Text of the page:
GOP Senator Rand Paul Slams Trump's Mexico Tariffs, Says He Thinks Congress Will Block the President's Threat

Republican Senator Rand Paul hit out at President Donald Trump's threat to impose tariffs targeting Mexican imports, saying on Tuesday that he believes there are enough votes in Congress to block the president from moving forward with such a measure, even potentially overriding a presidential veto.

Paul, who represents Kentucky, explained during an interview with CNN's Newsroom that if Trump aims to use presidential emergency power to implement new Mexican tariffs, there must be a "privilege vote" in Congress. He pointed out that the vote could not be blocked and that he believed there was enough opposition, even among fellow Republicans, to stop the tariffs from moving forward.

"I think there will end up being a vote on this and I really do think that there may be enough numbers of people who think we shouldn't be allowing one person to make this decision, that we may actually have enough to override a veto on this," Paul predicted.

Senator Rand Paul talks to reporters
Senator Rand Paul (R-Kentucky) talks to reporters as he heads to the U.S. Capitol for the weekly Republican policy luncheon on March 5 in Washington, D.C. Getty/Chip Somodevilla

The GOP senator then attacked the threat of tariffs against Mexico, which is the second-largest trading partner to the U.S. He argued that it sends a "bad signal" as the Trump administration simultaneously tries to push through a new free trade agreement with Canada and Mexico, dubbed the United States-Mexico-Canada Agreement (USMCA), which would replace the North American Free Trade Agreement (NAFTA).

"Then to go back and say: 'Oh by the way we're going to heap on other tariffs,' I think this goes a long way to destroying the trade deal," Paul asserted. The Republican politician also argued, as he has before under Trump and former President Barack Obama, that the effort by the president was challenging the separation of powers laid out in the Constitution.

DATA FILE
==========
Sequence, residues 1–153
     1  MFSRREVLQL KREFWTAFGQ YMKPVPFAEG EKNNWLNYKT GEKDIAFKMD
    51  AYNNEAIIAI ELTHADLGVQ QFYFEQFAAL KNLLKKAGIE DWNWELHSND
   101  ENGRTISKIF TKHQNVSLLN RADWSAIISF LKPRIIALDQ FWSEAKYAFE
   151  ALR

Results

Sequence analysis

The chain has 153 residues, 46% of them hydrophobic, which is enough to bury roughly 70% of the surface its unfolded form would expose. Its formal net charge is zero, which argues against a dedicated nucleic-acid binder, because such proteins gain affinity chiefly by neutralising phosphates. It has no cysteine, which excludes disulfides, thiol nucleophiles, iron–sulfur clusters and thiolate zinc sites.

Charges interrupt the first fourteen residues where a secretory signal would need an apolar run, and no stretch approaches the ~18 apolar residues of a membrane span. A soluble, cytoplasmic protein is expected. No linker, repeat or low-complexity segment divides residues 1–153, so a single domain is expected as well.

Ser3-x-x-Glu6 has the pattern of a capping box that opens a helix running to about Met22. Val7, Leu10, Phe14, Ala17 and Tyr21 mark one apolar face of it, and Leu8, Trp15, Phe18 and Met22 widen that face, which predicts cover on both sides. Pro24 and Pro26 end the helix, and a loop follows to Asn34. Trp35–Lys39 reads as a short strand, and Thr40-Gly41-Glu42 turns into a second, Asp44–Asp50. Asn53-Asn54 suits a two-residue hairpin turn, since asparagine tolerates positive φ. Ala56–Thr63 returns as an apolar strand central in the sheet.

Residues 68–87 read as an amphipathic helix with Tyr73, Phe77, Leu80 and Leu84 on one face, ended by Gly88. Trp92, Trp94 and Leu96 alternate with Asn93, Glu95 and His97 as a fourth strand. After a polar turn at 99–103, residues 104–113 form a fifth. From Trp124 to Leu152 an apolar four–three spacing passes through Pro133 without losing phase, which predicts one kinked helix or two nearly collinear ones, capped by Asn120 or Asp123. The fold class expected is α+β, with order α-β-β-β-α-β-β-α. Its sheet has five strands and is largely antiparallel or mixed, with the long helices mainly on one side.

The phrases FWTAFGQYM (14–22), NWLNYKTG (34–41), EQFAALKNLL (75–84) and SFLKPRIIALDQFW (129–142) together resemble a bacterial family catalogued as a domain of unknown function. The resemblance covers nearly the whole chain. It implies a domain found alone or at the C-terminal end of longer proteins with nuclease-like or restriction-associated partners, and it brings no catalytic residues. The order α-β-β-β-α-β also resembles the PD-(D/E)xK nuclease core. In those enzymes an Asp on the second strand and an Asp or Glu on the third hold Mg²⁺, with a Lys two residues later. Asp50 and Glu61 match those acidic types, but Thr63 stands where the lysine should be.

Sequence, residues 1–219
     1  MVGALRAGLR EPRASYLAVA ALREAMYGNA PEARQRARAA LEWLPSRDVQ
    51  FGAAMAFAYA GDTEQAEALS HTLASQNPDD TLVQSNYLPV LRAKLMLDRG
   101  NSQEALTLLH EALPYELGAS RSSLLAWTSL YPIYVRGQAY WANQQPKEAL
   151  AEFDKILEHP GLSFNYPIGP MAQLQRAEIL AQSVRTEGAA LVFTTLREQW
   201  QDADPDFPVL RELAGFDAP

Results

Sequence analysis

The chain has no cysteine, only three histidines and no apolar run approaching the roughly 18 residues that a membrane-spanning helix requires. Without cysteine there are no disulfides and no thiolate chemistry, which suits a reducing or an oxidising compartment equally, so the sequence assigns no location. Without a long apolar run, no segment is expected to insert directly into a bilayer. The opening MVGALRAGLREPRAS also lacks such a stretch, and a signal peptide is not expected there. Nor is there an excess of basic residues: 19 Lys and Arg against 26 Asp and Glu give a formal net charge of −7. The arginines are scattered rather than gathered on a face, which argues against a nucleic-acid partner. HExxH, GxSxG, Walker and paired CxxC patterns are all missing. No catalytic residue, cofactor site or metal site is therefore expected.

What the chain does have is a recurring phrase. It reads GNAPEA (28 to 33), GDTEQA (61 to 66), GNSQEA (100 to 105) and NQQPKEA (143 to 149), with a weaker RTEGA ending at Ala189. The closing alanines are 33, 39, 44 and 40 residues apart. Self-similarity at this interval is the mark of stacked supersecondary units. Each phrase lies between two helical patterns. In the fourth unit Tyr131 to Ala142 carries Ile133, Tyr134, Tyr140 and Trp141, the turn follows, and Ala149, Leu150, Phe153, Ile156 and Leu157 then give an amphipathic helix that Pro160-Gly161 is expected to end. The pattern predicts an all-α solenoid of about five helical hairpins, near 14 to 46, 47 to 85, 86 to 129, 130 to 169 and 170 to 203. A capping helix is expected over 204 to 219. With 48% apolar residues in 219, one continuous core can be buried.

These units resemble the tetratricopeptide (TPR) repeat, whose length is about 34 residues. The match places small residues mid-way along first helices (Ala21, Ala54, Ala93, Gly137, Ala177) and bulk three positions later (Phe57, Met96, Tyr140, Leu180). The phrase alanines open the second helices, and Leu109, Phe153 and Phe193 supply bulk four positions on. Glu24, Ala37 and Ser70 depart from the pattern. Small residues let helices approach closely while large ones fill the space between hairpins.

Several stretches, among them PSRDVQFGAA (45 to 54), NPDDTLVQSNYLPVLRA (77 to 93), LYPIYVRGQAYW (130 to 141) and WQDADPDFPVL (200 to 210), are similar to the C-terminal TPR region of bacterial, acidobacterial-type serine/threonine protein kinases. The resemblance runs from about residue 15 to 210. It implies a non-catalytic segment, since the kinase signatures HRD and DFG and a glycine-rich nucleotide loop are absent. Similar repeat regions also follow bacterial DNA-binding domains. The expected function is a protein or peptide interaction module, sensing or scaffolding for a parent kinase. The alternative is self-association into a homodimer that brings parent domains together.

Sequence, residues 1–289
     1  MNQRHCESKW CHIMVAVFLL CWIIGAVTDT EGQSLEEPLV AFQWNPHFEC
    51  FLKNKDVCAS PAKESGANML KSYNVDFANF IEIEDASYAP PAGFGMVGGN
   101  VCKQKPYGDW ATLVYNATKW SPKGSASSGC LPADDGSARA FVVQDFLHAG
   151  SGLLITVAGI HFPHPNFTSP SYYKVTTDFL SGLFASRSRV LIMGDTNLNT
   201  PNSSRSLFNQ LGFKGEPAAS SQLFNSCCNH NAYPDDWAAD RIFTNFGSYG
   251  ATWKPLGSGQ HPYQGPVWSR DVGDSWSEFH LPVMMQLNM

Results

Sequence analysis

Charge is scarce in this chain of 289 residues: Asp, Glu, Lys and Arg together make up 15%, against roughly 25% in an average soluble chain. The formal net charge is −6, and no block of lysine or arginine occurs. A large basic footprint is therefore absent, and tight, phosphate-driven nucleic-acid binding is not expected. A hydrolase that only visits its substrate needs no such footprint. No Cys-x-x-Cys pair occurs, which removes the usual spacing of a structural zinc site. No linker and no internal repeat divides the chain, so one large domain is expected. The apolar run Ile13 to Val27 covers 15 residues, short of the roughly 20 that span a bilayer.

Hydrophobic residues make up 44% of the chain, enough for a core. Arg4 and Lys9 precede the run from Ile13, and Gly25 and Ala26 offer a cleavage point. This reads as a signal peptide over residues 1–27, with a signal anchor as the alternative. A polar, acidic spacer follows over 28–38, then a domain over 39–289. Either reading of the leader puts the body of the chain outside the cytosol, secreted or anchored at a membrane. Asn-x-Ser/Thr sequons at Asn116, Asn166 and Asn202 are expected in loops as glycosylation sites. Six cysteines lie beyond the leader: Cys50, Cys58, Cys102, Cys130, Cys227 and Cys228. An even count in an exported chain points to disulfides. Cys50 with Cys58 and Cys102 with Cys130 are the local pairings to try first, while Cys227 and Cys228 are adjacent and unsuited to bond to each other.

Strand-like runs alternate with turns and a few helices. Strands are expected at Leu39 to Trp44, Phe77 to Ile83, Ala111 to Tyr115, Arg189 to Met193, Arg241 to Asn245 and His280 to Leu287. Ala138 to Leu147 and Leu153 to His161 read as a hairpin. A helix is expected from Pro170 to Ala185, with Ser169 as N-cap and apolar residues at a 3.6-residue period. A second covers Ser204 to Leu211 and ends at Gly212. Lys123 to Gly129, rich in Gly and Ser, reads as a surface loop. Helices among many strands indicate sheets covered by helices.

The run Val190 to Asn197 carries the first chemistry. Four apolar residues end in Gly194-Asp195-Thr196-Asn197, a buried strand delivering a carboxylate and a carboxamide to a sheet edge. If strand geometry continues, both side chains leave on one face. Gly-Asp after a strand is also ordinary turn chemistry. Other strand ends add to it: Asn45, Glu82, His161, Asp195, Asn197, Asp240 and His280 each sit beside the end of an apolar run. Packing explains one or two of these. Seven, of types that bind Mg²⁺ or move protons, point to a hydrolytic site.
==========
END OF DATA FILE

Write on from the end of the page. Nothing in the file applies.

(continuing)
Several other prominent Republicans have come out hard against Trump's threat to add tariffs to goods shipped to the U.S. from Mexico if the wave of undocumented migrants coming to the southern border isn't addressed. The president has said that the tariffs will start out at five percent on June 10 and then steadily increase until they reach 25 percent, unless Mexico does more to stop Central American migrants from reaching the U.S. border.

"Trade policy and border security are separate issues," Senate Finance Chairman Chuck Grassley, a Republican from Iowa, said last week. "This is a misuse of presidential tariff authority and counter to congressional intent. Following through on this threat would seriously jeopardize passage of USMCA, a central campaign pledge of President Trump's and what could be a big victory for the country," he added.

For his part, Trump has dismissed criticism from Republican lawmakers, arguing that he didn't believe threats to block the Mexico tariffs.

"I don't think they will do that," he said during a news conference on Tuesday in the U.K. alongside British Prime Minister Theresa May. "I think if they do, it's foolish. There's nothing more important than borders."

Mexican officials have taken Trump's threat seriously, with a high-level delegation traveling to Washington to meet with administration officials to discuss a way forward. Although the Mexican leaders have publicly expressed optimism about finding a solution before the tariffs are added, they are reportedly privately planning to take countermeasures if necessary.

GOP Senator Rand Paul Slams Trump's Mexico Tariffs, Says He Thinks Congress Will Block the President's Threat | U.S.